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Old 14-08-2018, 01:47 PM   #481
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Higher for Basic Plan, lower for Escalating Plan, because Basic Plan earns 4%+2% pa interest but escalating plan does not.
No, that's not why. Interest is always factored into all premium accumulations and payout plans. CPF's internal accounting is only mildly interesting, but that's not one of the differences. The Lifelong Income Fund invests in the exact same SSGSes as MA/SA/RA.
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Old 14-08-2018, 01:58 PM   #482
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No, that's not why. Interest is always factored into all premium accumulations and payout plans. CPF's internal accounting is only mildly interesting, but that's not one of the differences. The Lifelong Income Fund invests in the exact same SSGSes as MA/SA/RA.
Then u dun know what u are missing? I intentionly wrote "refund of CPF Life Premium" which has a wider meaning.

What do u think account for the difference in refund value?
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Old 14-08-2018, 02:25 PM   #483
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What do u think account for the difference in refund value?
Easy: The Basic Plan offers lower (real) monthly lifetime (actuarial) payouts. The Basic Plan tries a bit harder to defend (but still doesn't guarantee) a residual than the other two payout plans (Standard and Escalating), that's all. It's quite simple, really.

And it's not a "refund value," by the way -- I wouldn't call it that. There's no refund. It's just a residual, and in all CPF LIFE payout plans the residual falls to zero if you merely live long enough. Which is why I call it, correctly, a "bequest lottery," which is a very strange lottery to play.
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Old 14-08-2018, 02:35 PM   #484
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Easy: The Basic Plan offers lower (real) monthly lifetime (actuarial) payouts. The Basic Plan tries a bit harder to defend (but still doesn't guarantee) a residual than the other two payout plans (Standard and Escalating), that's all. It's quite simple, really.

And it's not a "refund value," by the way -- I wouldn't call it that. There's no refund. It's just a residual, and in all CPF LIFE payout plans the residual falls to zero if you merely live long enough. Which is why I call it, correctly, a "bequest lottery," which is a very strange lottery to play.
U failed your maths badly! as I expected

Refund of CPF Life "Premiums" if u exit earlier than "expected"! I am talking about that difference!

If u dunno what accounts for the difference in Bequest Amt in all the 3 plans, ie Basic , Standard and Escalating Plans, u failed to understand how CPF Life works for Singaporeans!

Last edited by maple96; 14-08-2018 at 02:40 PM..
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Old 14-08-2018, 02:36 PM   #485
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Like that all 3 plans are like bequest lottery. The residual value is zero IF you live long enough, which is 81 for SP, 82 for EP and 92 for BP. If you live less than those age, you lose. Even if you live to 95, you still lose compared to the earlier scheme. Many will lose than gain in the bet to live longer than 90
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Old 14-08-2018, 02:58 PM   #486
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I have literally no idea what you two are talking about. Please go find some other thread where you can complain about CPF LIFE if that's your thing.
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Old 14-08-2018, 03:40 PM   #487
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I have literally no idea what you two are talking about. Please go find some other thread where you can complain about CPF LIFE if that's your thing.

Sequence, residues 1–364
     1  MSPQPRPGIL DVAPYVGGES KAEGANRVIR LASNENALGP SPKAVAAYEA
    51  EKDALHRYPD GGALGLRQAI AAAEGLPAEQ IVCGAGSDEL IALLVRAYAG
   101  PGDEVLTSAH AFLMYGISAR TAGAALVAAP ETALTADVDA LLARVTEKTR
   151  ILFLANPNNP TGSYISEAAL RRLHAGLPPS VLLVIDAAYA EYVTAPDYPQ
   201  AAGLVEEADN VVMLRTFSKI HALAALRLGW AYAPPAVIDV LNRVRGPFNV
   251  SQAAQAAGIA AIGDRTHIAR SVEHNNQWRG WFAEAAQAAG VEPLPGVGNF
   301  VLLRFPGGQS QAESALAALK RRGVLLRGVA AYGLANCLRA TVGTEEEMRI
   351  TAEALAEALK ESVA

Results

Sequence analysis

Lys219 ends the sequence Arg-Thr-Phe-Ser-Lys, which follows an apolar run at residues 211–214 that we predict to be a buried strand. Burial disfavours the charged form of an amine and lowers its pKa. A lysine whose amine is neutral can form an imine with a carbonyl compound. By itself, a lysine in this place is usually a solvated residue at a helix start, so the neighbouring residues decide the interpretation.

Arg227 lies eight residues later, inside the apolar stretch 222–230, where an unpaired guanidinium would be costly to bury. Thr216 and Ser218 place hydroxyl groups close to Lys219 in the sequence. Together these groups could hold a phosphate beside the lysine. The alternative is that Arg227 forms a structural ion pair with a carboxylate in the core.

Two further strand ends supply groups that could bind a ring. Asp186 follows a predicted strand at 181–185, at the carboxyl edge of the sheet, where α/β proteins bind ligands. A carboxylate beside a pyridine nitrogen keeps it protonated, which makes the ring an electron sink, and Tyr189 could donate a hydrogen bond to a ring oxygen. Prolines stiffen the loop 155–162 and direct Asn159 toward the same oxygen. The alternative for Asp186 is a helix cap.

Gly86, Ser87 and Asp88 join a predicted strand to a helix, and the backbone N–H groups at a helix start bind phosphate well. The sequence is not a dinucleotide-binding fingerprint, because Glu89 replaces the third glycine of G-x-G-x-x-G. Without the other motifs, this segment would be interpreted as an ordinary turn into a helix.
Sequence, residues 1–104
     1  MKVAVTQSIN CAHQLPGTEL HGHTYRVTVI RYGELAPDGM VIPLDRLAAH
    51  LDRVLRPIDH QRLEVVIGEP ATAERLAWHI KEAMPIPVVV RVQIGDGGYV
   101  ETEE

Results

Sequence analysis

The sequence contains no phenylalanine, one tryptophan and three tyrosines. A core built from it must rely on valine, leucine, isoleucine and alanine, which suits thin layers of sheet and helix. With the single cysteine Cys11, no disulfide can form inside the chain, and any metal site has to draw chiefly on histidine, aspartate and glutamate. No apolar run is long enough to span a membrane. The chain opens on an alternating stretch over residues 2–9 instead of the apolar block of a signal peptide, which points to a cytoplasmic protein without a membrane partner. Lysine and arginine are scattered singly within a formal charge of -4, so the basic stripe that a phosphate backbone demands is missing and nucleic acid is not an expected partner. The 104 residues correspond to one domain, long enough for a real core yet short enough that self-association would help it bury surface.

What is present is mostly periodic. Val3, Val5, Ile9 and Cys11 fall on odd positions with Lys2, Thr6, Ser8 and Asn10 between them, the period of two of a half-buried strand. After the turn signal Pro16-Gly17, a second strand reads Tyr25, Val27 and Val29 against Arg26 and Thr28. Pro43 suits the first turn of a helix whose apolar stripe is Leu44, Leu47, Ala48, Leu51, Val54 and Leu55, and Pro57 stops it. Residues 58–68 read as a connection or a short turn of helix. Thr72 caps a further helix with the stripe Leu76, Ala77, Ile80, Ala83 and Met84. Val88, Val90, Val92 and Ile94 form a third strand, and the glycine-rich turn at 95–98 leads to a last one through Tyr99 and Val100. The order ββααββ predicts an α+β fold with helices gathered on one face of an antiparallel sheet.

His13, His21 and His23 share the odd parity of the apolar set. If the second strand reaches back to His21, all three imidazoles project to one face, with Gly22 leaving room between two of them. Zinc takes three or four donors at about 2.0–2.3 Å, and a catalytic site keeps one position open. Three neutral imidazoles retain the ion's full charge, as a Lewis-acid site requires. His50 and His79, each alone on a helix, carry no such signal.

Of course you don't cause you only can see one side
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Old 14-08-2018, 05:40 PM   #488
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Let's Talk Turkey

Some speculators (not investors) might be wondering whether now is a good time to speculate on Turkish stocks, Turkish bonds, and/or the Turkish lira (currency). Turkey is in the midst of some serious economic turmoil, including most recently new U.S. tariffs ostensibly because the Trump Administration is upset with Turkey's detention of Andrew Brunson, an evangelical Christian pastor who the Turkish government believes played a role in the coup attempt. (The U.S government does not agree.)

Lira inflation is running rather high (~15% at last report), and a substantial fraction of Turkish corporate debt is denominated in foreign currencies. With the lira depreciating so rapidly against major world currencies, that debt load is becoming all the more costly to service for those borrowers. Some banks, particularly in Europe, have material exposure to Turkish borrowers who are now at greater risk of default.

One of the concerns I have, even if you want to gamble in some way on Turkish stocks, bonds, and/or currency, is that the Turkish government could impose capital controls, adjust taxes, or raise some other serious impediment to your profiting from the economic turmoil.

However, I do have one recommendation: give Turkey some consideration as your next vacation destination. With the devaluation of the Turkish lira, Turkey is that much more affordable as a vacation destination. Both Singapore Airlines and Turkish Airlines fly nonstop from Singapore Changi Airport to Istanbul, and from there you can explore Turkish culture, cuisine, and antiquities. And, if you want to bring back some Turkish apricots, rugs, or other products priced in Turkish lira, there are some bargains available. Just keep an eye on the safety and security situation in Turkey, but at least for now it's a relatively safe country to visit.
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Old 14-08-2018, 05:51 PM   #489
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U failed your maths badly! as I expected

Refund of CPF Life "Premiums" if u exit earlier than "expected"! I am talking about that difference!

If u dunno what accounts for the difference in Bequest Amt in all the 3 plans, ie Basic , Standard and Escalating Plans, u failed to understand how CPF Life works for Singaporeans!